Marti Newland is a 2014 Ph.D. alumna of the Columbia Ethnomusicology program. She was Core Lecturer in Music Humanities in 2014-16 and Lecturer in Music in 2016-17. She specializes in voice studies and African American music. Her dissertation, "Sounding 'Black': An Ethnography of Racialized Vocal Practices at Fisk University," is a phenomenological study of radicalized vocality in the United States, with a focus on blackness. Through ethnographic research about radicalized vocal practices among Fisk students, a historically black university in Nashville, Tennessee, Marti examines the procedures at play in sounding “black”—the performance of race ideologies through vocal acts, as well as the ethics of listening for race in voices. A 2011 Ford Foundation Dissertation Fellowship supports her research. She previously explored the role of vocality in the naturalization and denaturalization of race in two Master’s theses, one in African American Studies and the other in Ethnomusicology. In the first, she examined blackface minstrelsy’s influence on the performance practices of concert spirituals by analyzing the politics of diction and orthography in constructing the dynamics between race and repertoire among American opera singers. This research was awarded the 2007 Langston Hughes Thesis Award for the Humanities from Columbia’s Institute for Research in African American Studies. Most recently, she conducted an ethnographic study of a Japanese gospel choir in residence at a Baptist church in Harlem investigating how these Japanese singers, many of whom are atheist, and their Christian African American hosts negotiated racial and spiritual difference through gospel music making.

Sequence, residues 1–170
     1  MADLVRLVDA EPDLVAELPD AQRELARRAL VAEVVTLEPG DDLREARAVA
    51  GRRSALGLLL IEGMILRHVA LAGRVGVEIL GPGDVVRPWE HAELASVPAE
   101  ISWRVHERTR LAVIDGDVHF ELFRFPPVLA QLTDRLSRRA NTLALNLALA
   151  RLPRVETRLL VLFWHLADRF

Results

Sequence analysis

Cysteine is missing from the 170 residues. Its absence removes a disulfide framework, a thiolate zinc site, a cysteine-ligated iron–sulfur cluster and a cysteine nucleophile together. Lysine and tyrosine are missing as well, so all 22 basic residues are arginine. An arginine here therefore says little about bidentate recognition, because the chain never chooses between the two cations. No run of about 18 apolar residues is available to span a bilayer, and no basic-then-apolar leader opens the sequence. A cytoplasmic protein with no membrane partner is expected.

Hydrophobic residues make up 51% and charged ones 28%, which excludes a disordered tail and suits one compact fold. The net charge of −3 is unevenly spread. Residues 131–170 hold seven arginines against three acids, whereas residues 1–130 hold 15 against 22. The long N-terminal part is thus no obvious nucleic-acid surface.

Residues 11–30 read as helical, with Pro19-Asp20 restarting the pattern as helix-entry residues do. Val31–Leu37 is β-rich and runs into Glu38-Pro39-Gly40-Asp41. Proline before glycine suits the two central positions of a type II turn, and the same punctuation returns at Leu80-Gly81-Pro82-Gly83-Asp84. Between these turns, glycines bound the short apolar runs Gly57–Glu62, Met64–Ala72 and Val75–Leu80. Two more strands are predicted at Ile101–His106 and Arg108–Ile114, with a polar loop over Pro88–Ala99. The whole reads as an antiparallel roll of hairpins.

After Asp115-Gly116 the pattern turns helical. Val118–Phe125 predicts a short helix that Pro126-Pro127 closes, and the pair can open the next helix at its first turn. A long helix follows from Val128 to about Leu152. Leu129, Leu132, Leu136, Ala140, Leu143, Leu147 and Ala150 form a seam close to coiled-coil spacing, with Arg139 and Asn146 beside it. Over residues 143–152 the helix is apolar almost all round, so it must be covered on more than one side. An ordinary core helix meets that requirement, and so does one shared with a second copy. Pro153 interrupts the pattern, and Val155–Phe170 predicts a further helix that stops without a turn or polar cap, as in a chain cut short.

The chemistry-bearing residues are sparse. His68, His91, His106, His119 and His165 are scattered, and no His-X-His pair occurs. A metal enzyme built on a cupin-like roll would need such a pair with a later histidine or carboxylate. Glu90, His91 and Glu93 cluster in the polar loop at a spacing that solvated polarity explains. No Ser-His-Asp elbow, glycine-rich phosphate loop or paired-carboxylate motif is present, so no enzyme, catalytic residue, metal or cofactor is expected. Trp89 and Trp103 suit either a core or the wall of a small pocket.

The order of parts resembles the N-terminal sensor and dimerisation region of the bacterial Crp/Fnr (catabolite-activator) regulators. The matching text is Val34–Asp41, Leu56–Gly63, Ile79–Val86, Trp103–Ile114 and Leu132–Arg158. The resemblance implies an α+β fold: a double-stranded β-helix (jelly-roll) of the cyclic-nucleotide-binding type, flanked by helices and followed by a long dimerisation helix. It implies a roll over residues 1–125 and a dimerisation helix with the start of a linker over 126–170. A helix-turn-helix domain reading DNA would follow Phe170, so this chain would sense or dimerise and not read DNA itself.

At Columbia, Marti has taught Field Methods and Techniques in Ethnomusicology and Topics in Music and Society. As a graduate student, she was awarded the 2011 Meyerson Award for excellence in teaching Music Humanities in the Columbia University Core Curriculum. She has also been the instructor for Introductory Ear Training. She serves as a choral adjudicator for Worldstrides Heritage Festivals choral competitions and has taught private voice lessons at Seton Hall University. She has sung in music festivals including three seasons with the Aspen Music Festival Opera Theater Center and Centro Studi Italiani in Urbania, Italy. Her music theater roles include Glenda (The Wiz) and Mama Euralie (Once on This Island) and she has been a guest soloist with the Fisk Jubilee Singers, Opera Noire of New York, and Harlem Opera Theater. Marti has worked with teachers and directors including W. Steven Smith, Lorraine Manz, Caroline Jackson Smith and Edward Berkeley. While she has performed roles in opera scenes including Antonia (Les Contes d’Hoffmann), Governess (Turn of the Screw), Contessa (Le Nozze di Figaro), Musetta and Mimi (La Boheme), and Cio Cio San (Madame Butterfly), Marti is especially committed to performing African American art music.